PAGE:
Prime Minister Jacinda Ardern is calling for stronger female representation in politics.
In a piece written by Ardern in the Financial Times, New Zealand's third female Prime Minister said it was not good enough for women to just be heard but rather they needed to be at the decision-making table in good numbers.
Ardern referred to her own dizzying rise to power just months after being made leader of the Labour Party.
"The short time frame between these two events was always likely to cause some interest," she said.
"But the day when a female leader becomes so commonplace that it doesn't merit comment – that will be the day when everything really will have changed."
Ardern said New Zealand has been "especially blessed" with a number of female leaders and role models, her own of which included former Prime Minister Helen Clark, who have helped forge a path. She also referred to the fact that women currently serve in the roles of prime minister, governor-general and chief justice of New Zealand.
"But we can never assume that a path that is cleared remains that way — that everything from this point becomes automatically easier for those that follow," she said.
"I'm one of only 12 women who are current heads of government. That's fewer than 7 per cent of all world leaders. Only about 23 per cent of national parliamentarians are women."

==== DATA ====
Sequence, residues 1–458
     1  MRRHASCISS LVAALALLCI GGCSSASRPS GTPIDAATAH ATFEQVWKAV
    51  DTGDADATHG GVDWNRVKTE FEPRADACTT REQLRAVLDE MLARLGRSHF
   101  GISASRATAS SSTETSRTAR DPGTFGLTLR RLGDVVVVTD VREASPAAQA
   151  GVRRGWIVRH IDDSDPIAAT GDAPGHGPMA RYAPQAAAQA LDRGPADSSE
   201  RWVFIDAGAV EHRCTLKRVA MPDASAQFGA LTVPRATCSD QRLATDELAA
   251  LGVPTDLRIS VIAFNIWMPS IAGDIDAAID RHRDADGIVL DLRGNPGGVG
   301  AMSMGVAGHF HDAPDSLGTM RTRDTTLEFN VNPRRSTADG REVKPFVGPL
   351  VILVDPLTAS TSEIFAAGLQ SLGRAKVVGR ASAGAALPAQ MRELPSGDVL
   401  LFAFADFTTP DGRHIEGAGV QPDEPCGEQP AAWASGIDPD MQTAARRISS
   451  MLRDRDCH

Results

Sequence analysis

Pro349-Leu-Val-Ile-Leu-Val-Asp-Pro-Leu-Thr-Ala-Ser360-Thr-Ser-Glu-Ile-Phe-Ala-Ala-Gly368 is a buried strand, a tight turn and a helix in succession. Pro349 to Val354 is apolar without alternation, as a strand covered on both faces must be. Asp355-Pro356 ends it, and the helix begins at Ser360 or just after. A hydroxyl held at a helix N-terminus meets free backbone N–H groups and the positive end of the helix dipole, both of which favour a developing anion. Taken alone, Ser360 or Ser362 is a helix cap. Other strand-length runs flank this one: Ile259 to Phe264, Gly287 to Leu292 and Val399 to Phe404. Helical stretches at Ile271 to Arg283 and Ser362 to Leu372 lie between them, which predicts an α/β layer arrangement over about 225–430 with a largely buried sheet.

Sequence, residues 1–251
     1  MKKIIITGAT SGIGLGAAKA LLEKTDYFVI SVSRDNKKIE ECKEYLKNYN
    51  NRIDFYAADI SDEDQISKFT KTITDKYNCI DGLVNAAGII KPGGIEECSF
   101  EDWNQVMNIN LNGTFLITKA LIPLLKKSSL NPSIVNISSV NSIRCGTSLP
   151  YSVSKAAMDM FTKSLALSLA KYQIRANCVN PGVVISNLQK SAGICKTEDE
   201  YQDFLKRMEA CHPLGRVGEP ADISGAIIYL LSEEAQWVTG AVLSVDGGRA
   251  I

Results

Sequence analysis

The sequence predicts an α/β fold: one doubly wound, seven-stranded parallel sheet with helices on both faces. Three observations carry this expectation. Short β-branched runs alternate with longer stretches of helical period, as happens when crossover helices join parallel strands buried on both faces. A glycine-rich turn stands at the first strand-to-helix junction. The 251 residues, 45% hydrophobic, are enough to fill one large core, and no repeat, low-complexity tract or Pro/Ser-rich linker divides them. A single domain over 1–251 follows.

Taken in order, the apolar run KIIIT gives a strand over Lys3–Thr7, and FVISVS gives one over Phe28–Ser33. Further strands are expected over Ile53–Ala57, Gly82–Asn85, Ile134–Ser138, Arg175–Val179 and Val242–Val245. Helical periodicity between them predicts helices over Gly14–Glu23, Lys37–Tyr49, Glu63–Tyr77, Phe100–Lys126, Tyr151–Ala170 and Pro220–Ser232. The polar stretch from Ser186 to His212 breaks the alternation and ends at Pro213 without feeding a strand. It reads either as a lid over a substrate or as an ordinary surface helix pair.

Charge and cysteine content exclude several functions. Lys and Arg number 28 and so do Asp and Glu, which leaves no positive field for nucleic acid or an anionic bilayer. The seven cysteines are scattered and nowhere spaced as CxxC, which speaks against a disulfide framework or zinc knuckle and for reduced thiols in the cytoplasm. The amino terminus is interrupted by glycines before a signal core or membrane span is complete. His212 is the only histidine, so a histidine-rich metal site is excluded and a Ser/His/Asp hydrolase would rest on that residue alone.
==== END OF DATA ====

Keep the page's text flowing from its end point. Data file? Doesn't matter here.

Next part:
Ardern said Labour planned to address this by pursuing its target of women making up 50 per cent of MPs.
"Stronger empowerment of women in the democratic process and government is vital.
"We must have stronger female representation to drive solutions to those issues that are having a dramatic and devastating impact on people, particularly millions of young girls and women. I'm talking about poverty, lack of education, reproductive health, gender equality, pay equity, violence and climate change, to name just some," she said.
Ardern said politics was a place where one could make change, which she planned on doing "in our small corner of the world".
"We have a gender pay gap that sends a message to our children and grandchildren, that as girls they will earn less for no other reason than their gender. That isn't fair, and it isn't right.
"We want to start by weeding out the gender pay gap in our core public service. At the same time, we will lift our minimum wage, knowing that women are over-represented in our lowest-paid sectors."
Ardern also reiterated her plan to tackle child poverty, which she said could hold girls back from achieving their potential.
She said her hope for 2018 was that we continue to make progress across the world so that all females "can learn, prosper and grow, and live with dignity, equality and basic human rights".
"But hope alone isn't acceptable or any answer, nor is carving a path that is left to grow over. There is no room for complacency. I feel a huge sense of responsibility for that, not only at home in New Zealand but as a female leader in the world today."